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Broken Knuckle: Ashton's Story

Meet Ashton


Fifteen-year-old Ashton Meuret has been climbing, flipping and tumbling since she was old enough to walk. So, two years ago when the highly competitive Level 9 Junior Olympian broke the middle knuckle on the ring finger of her left hand, she feared her gymnastics career might be over.

“Ashton and her brother were playing in the basement,” said Rhonda Meuret, Ashton’s mother. “She was showing him how to do a flip on a mat, lost her balance, put her hand down to catch herself, and hyperextended that joint, chipping the corner of her knuckle off.”

The injury was painful, but initially, Ashton thought she had just jammed it. When her finger didn’t get better on its own, she mentioned it to her mother, who immediately took her to the doctor for an X-ray.

“When we found out the knuckle was broken, we started looking for a pediatric hand surgeon,” Rhonda said. Another gymnast the family knew highly recommended Christine Cheng, MD, Children’s Mercy pediatric hand surgeon and Chief, Section of Hand Surgery.

“I called Dr. Cheng’s office and she was able to see Ashton the next day,” Rhonda said. And that wasn’t a day too soon.

Timing is everything


By the time Ashton saw Dr. Cheng, it was late November 2017, and the competitive gymnastics season was almost underway. The teen’s goal was to compete at the state, regional and national levels in the spring of 2018. That meant Ashton had about nine weeks to have her finger surgically repaired, then rehabilitate it. There wasn’t a moment to spare.

“Dr. Cheng told me that I needed to have surgery and that I couldn’t do any tumbling for nine weeks,” Ashton said. “I was disappointed, but she was open and explained everything to me. I felt very comfortable with her.”

“More than 50 percent of your finger motion is at that middle knuckle,” Dr. Cheng said. “Having incomplete motion at that joint is pretty significant, especially for a competitive gymnast like Ashton.”  

During her outpatient procedure on Dec. 1, 2017, Dr. Cheng put a pin and screw in Ashton’s knuckle to stabilize the joint.  At first, Ashton’s hand was in a cast, then three weeks later, Dr. Cheng removed the pin and re-cast her hand.

Ashton wore the second cast another four weeks. By the time she was out of the cast, she only had a couple of weeks to rehabilitate her finger before state competition.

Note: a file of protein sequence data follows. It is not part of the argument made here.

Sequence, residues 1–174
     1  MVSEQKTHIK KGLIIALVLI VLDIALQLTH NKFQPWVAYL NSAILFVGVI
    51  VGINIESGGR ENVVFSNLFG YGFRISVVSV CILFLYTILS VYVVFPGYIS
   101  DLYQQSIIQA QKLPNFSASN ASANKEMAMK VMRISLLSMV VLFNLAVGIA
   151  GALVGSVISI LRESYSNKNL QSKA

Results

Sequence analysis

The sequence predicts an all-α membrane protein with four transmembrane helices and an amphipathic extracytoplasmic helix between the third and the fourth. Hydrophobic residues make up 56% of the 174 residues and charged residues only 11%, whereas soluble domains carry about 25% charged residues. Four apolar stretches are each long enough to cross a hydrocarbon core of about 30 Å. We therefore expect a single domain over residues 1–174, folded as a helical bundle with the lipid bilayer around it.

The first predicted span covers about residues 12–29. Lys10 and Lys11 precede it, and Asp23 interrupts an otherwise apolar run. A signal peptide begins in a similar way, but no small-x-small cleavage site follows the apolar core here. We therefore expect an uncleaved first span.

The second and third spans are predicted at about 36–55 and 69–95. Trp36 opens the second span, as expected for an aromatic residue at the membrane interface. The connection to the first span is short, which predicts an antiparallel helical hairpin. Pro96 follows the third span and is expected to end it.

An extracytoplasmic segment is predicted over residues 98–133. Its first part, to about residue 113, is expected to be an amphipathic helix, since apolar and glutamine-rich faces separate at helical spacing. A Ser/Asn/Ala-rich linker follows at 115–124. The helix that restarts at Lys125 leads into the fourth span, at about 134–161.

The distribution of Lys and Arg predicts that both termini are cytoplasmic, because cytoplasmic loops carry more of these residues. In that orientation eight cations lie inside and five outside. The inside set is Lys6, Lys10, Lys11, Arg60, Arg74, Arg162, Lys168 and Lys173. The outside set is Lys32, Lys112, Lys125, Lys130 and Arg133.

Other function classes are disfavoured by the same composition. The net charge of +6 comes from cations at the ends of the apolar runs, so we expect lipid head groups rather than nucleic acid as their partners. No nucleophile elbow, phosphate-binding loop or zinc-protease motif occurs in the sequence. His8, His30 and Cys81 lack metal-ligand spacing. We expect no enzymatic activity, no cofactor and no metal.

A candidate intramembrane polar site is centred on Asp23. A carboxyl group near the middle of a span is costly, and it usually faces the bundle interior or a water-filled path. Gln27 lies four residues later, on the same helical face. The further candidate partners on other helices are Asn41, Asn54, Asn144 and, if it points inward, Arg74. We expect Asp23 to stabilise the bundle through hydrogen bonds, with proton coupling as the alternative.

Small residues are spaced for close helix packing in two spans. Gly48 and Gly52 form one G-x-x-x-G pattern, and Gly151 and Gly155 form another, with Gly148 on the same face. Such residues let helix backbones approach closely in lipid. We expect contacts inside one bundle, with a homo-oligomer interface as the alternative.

Initially, Ashton saw a hand therapist at Children’s Mercy College Boulevard who taught her some exercises to improve her finger’s flexibility. Dr. Cheng also gave Ashton some exercises to perform during her recovery, but once she learned them, it was up to her to get her finger back in shape.

“It would have been easy for Ashton to get discouraged at this point, but Dr. Cheng was always so optimistic, positive and understanding when we would see her,” Rhonda said. “Ashton felt Dr. Cheng understood what she was going through, and she explained that Ashton had to push through the pain to regain the flexibility and strength in her finger.”

Broken knuckle patient, Ashton, upside down on uneven bars

Reaching for every goal


At each appointment, Dr. Cheng measured how far Ashton could bend her finger, then gave her an attainable goal and the exercises to reach it.

“The end goal was always for Ashton to be able to compete at state,” Rhonda said.

“Dr. Cheng made sure I knew exactly what I had to do to be successful, and then set small goals along the way so that I could fulfill each one,” Ashton said.

By spring 2018, Ashton was ready to get back in the gym and to compete again. She not only qualified as a Level 9 Junior Olympian for the state and regional competitions, but she went on to nationals, an achievement her mother says would not have been possible without Children’s Mercy.

“Dr. Cheng was always able to ground Ashton each time she saw her,” Rhonda said. “She would tell her how much progress she was making and that she knew Ashton could do it. Ashton truly looks up to her.”

Ashton agrees and said, “I just really think Dr. Cheng is awesome!”

“Ashton understood the severity of her injury,” Dr. Cheng said. “It takes a certain level of maturity, as well as being goal-directed and a high-level athlete, to do this for yourself. Plus, Ashton had good therapy and a very supportive family. It took us all working together to get her back to a competitive level.”

One year after surgery, Dr. Cheng removed the screw from Ashton’s finger so that it wouldn’t impinge upon her movement.

With some additional hand therapy, Ashton advanced to Level 10 of the Junior Olympics this year. But during a college showcase event, she broke her thumb while performing a skill on the bars. After having it examined by Dr. Cheng, she required surgery again to place two pins in her thumb. Her cast was recently removed, and she’s hoping to return to competition.

Ashton’s goal is to compete at the state, regional and national levels in 2020. Ultimately, she hopes to earn a gymnastics scholarship for college, and to one day study physical therapy.

“Gymnastics is a tough sport,” Rhonda said. “Ashton has fractured toes, cracked a rib and broken her finger and thumb. Dr. Cheng did an excellent job of getting her back to competition, but in a safe manner. She understood that this is who Ashton is and what she loves to do. It’s great we have doctors who understand that.”

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